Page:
Search Result for "repentance": 
Wordnet 3.0

NOUN (1)

1. remorse for your past conduct;
[syn: repentance, penitence, penance]

The Collaborative International Dictionary of English v.0.48:

Repentance \Re*pent"ance\ (r[-e]*p[e^]nt"ans), n. [F. repentance.] The act of repenting, or the state of being penitent; sorrow for what one has done or omitted to do; especially, contrition for sin. --Chaucer. [1913 Webster] Godly sorrow worketh repentance to salvation. --2. Cor. vii. 20. [1913 Webster] Repentance is a change of mind, or a conversion from sin to God. --Hammond. [1913 Webster] Repentance is the relinquishment of any practice from the conviction that it has offended God. Sorrow, fear, and anxiety are properly not parts, but adjuncts, of repentance; yet they are too closely connected with it to be easily separated. --Rambler. [1913 Webster] Syn: Contrition; regret; penitence; contriteness; compunction. See Contrition. [1913 Webster]
WordNet (r) 3.0 (2006):

repentance n 1: remorse for your past conduct [syn: repentance, penitence, penance]
Moby Thesaurus II by Grady Ward, 1.0:

34 Moby Thesaurus words for "repentance": Day of Atonement, Yom Kippur, abject apology, apology, asceticism, attrition, change of heart, cold purgatorial fires, compunction, contriteness, contrition, deathbed repentance, fasting, flagellation, hair shirt, heartfelt apology, lustration, maceration, mea culpa, mortification, penance, penitence, penitential act, penitential exercise, penitently, purgation, purgatory, reformation, remorse, rue, ruth, sackcloth and ashes, saeta, wearing a hairshirt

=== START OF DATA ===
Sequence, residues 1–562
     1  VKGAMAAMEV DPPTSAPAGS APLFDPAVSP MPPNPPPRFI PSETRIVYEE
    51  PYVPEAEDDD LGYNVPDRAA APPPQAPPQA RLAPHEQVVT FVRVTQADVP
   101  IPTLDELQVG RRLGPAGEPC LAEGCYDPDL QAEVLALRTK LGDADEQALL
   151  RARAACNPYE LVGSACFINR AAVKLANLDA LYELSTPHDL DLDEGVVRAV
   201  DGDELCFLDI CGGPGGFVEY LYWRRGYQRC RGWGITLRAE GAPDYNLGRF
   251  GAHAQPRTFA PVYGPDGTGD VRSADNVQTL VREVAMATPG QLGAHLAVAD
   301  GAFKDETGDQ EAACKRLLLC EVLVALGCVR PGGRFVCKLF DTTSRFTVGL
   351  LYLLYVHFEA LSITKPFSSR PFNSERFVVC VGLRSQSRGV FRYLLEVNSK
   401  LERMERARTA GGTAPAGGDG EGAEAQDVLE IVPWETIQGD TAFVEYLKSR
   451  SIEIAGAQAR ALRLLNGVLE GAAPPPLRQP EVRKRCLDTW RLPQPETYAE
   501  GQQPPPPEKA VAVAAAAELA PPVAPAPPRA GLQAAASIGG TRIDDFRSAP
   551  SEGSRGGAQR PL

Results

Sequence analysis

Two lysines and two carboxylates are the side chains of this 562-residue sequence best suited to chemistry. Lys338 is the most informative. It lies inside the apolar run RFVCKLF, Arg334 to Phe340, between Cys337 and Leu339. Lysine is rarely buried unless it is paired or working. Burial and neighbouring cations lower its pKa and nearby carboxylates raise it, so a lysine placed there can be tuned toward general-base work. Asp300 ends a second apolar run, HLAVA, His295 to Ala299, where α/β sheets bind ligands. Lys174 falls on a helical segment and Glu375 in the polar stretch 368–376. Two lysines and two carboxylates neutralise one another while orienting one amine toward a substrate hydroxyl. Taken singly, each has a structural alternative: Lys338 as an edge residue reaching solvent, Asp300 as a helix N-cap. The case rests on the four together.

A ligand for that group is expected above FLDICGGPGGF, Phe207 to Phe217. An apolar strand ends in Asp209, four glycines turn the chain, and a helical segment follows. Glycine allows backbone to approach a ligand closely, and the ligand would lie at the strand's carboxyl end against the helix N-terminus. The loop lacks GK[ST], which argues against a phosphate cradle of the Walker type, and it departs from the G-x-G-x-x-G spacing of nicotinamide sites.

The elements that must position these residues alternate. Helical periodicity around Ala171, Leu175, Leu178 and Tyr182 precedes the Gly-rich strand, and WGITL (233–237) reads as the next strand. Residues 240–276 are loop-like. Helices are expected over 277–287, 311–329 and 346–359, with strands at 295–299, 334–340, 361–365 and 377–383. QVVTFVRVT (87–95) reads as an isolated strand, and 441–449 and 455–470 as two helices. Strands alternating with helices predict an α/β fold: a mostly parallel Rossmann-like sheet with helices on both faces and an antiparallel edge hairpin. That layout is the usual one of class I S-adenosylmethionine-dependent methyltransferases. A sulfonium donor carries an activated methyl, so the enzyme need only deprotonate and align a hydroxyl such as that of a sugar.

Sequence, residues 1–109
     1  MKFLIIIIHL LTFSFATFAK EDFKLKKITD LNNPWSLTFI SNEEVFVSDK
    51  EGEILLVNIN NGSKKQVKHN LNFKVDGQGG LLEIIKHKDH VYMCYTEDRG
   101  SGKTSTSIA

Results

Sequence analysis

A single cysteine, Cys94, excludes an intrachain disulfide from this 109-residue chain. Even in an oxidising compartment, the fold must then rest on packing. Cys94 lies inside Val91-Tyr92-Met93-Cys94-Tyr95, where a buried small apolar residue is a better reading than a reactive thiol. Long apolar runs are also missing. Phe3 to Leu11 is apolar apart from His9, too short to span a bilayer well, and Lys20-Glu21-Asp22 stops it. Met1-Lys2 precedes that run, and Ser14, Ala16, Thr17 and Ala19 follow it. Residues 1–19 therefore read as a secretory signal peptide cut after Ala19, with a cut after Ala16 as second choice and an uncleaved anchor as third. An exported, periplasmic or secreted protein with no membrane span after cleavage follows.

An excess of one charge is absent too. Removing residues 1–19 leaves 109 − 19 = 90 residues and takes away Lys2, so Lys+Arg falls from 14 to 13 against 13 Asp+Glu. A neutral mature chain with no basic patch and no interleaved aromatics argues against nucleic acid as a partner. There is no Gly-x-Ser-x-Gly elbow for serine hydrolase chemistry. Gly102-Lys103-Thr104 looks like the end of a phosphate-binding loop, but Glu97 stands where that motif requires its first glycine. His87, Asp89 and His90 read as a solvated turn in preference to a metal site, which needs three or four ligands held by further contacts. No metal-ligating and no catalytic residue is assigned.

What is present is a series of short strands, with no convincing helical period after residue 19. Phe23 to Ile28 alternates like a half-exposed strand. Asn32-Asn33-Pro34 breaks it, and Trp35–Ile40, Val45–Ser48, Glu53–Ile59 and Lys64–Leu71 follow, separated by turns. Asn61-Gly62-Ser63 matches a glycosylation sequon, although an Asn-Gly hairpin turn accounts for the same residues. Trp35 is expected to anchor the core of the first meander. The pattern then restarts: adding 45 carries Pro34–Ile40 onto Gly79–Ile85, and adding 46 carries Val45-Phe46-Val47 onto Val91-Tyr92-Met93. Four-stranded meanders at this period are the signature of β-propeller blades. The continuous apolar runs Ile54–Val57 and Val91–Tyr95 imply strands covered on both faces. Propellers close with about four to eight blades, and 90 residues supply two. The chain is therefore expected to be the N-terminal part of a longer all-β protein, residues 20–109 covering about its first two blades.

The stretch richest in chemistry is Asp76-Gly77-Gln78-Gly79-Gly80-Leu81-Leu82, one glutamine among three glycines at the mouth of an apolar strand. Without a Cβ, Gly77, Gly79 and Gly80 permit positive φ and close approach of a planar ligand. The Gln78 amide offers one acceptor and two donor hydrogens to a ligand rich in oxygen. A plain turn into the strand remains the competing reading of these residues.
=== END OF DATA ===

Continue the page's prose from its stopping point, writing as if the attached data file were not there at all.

Easton's 1897 Bible Dictionary:

Repentance There are three Greek words used in the New Testament to denote repentance. (1.) The verb _metamelomai_ is used of a change of mind, such as to produce regret or even remorse on account of sin, but not necessarily a change of heart. This word is used with reference to the repentance of Judas (Matt. 27:3). (2.) Metanoeo, meaning to change one's mind and purpose, as the result of after knowledge. This verb, with (3) the cognate noun _metanoia_, is used of true repentance, a change of mind and purpose and life, to which remission of sin is promised. Evangelical repentance consists of (1) a true sense of one's own guilt and sinfulness; (2) an apprehension of God's mercy in Christ; (3) an actual hatred of sin (Ps. 119:128; Job 42:5, 6; 2 Cor. 7:10) and turning from it to God; and (4) a persistent endeavour after a holy life in a walking with God in the way of his commandments. The true penitent is conscious of guilt (Ps. 51:4, 9), of pollution (51:5, 7, 10), and of helplessness (51:11; 109:21, 22). Thus he apprehends himself to be just what God has always seen him to be and declares him to be. But repentance comprehends not only such a sense of sin, but also an apprehension of mercy, without which there can be no true repentance (Ps. 51:1; 130:4).
The Devil's Dictionary (1881-1906):

REPENTANCE, n. The faithful attendant and follower of Punishment. It is usually manifest in a degree of reformation that is not inconsistent with continuity of sin. Desirous to avoid the pains of Hell, You will repent and join the Church, Parnell? How needless! -- Nick will keep you off the coals And add you to the woes of other souls. Jomater Abemy